One of the joys of having access to a client's Analytics data is finding out what does and does not drive traffic and sales. I'm specifically interested in measuring the dynamic elements of a page to see what kind of impact they have. Product reviews created by customers falls into this category. I recently ran a measurement test to attempt to find the value of customer created reviews.

Measuring Reviews by Score

I tracked the raw average reviews for all product pages, with the averages ranging from zero to five. I then measured the conversion rate of those pages. These numbers take nothing else into account — not the price of a product, not how much a product is promoted via the homepage, not anything — so the analysis is meant to truly measure how much impact reviews have.

There are a few interesting things to take note of in the graph. The first and most obvious is that the blue trend line is not linear, it curves upwards towards what we consider the average ratings: 2.9 to 3.4, then falls back down as it approaches 5. I think that trust has a lot to do with these numbers. To a customer, a product with several reviews that have an average 3.2 rating is worth more than a lone 5 star review (most 5 star reviews have only one review).

Additionally, having at least one review appears to play a significant role in whether or not to make a purchase. The difference is the conversion curve is dramatic. The conversion rate ranges from 2.71% to 3.60%, a difference of 34%.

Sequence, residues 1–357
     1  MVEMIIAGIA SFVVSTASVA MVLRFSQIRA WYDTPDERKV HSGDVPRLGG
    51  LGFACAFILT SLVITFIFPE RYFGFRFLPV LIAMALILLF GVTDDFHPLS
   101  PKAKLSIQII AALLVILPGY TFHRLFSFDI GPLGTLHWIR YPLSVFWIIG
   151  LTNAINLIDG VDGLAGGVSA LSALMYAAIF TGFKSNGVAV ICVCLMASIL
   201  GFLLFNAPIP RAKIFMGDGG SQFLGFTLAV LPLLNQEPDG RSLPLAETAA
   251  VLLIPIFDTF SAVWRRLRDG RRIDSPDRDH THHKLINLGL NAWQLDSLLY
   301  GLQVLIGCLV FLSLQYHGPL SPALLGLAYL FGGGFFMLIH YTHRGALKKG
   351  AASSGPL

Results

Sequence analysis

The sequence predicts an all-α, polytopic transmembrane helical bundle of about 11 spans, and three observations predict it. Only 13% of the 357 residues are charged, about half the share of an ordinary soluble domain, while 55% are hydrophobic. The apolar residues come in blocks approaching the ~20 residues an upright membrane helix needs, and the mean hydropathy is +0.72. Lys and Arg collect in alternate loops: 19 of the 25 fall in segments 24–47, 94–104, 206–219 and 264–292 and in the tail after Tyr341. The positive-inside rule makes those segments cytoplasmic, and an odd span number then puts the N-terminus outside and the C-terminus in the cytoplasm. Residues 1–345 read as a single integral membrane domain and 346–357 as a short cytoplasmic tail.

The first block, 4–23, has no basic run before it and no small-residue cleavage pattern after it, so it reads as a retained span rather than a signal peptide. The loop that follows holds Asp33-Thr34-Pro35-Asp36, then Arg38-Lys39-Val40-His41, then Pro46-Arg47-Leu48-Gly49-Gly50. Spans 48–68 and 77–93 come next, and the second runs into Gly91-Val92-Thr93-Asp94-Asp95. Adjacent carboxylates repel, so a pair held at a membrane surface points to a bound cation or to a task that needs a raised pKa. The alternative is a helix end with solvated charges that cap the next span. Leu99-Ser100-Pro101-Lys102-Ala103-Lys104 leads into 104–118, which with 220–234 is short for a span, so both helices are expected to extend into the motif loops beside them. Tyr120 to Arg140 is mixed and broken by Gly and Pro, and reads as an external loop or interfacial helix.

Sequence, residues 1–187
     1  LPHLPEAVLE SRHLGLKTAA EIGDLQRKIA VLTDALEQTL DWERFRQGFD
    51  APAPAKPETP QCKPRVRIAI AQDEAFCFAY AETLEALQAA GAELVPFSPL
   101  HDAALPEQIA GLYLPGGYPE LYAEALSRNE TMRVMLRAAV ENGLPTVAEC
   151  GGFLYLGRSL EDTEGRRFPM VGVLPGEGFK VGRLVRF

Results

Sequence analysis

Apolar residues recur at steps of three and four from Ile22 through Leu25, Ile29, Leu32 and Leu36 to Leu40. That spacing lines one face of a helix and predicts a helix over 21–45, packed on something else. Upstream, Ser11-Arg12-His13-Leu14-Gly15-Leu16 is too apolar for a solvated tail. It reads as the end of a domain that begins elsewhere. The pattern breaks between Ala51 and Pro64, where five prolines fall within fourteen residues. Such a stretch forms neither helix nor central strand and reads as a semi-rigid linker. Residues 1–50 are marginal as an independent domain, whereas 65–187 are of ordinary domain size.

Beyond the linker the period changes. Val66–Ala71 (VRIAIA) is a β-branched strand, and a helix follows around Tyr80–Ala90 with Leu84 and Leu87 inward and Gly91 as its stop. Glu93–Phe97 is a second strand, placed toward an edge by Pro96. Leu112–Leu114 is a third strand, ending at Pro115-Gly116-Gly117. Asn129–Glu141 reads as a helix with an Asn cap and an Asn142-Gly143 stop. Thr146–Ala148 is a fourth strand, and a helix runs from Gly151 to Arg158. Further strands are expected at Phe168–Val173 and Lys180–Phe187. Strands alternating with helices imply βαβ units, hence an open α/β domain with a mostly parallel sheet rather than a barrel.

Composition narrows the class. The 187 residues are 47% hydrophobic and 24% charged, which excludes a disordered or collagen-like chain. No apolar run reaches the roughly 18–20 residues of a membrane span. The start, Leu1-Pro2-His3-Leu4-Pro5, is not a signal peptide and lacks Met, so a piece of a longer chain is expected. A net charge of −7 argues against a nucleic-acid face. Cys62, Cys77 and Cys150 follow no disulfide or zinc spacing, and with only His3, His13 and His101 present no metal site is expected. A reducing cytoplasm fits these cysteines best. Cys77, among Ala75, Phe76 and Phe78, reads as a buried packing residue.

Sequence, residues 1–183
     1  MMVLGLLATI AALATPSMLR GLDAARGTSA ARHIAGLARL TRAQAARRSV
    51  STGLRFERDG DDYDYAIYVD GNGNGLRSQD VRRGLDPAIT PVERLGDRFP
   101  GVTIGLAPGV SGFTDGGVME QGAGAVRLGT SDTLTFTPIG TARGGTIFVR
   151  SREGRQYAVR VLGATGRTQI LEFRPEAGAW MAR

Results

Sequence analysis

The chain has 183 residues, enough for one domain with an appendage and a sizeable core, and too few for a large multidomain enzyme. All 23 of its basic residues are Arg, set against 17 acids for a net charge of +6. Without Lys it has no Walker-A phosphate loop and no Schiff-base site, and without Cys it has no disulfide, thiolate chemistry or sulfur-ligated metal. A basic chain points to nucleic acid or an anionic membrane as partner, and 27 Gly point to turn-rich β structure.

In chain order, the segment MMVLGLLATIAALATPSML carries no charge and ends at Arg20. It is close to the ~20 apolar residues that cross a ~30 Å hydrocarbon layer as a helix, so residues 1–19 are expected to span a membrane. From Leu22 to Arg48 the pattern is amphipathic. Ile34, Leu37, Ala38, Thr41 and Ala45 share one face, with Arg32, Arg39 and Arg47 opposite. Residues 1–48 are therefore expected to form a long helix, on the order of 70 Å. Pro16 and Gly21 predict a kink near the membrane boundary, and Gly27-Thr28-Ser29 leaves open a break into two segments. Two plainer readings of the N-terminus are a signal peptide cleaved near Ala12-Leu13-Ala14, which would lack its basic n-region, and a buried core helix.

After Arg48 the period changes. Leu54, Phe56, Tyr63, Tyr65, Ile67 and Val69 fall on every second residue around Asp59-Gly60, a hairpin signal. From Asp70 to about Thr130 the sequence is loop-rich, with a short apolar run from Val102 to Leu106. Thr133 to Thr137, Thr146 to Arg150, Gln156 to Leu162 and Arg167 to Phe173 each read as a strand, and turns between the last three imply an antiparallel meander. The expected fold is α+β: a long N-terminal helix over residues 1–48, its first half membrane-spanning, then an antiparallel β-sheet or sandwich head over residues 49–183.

Notice that the products with an average of 1 star (which means that 100% of that product's reviews were 1 star) have a conversion rate of 3.88%, while products with no ratings have only a 1.87% conversion rate. That's a difference of 107%.

I admit to being surprised to learn that a product with a 1 star review has more than twice as much chance to sell as a product with no reviews.

Measuring Reviews by Review Quantity

Another interesting measurement taken at the same time was the number of reviews a product has, and trying to determine it's effect on conversion rate.

It's interesting to see the general curve upwards at first, but then to see it plummet the more reviews are written. The difference between 22 reviews (6.9%) and 23 reviews (1.38%) is startling. We've started referring to 23 reviews as the "Valley of Despair". It seems that customers are most likely to write a review when they have something negative to say, and when they say something negative they say it a lot.

Overall though, this was an eye opening measurement, and has lead to an overhaul in the reviews process for this client. In the future we'd like to measure what happens when a zero review product earns its first review, to better rule out any popularity issues that may be skewing the numbers.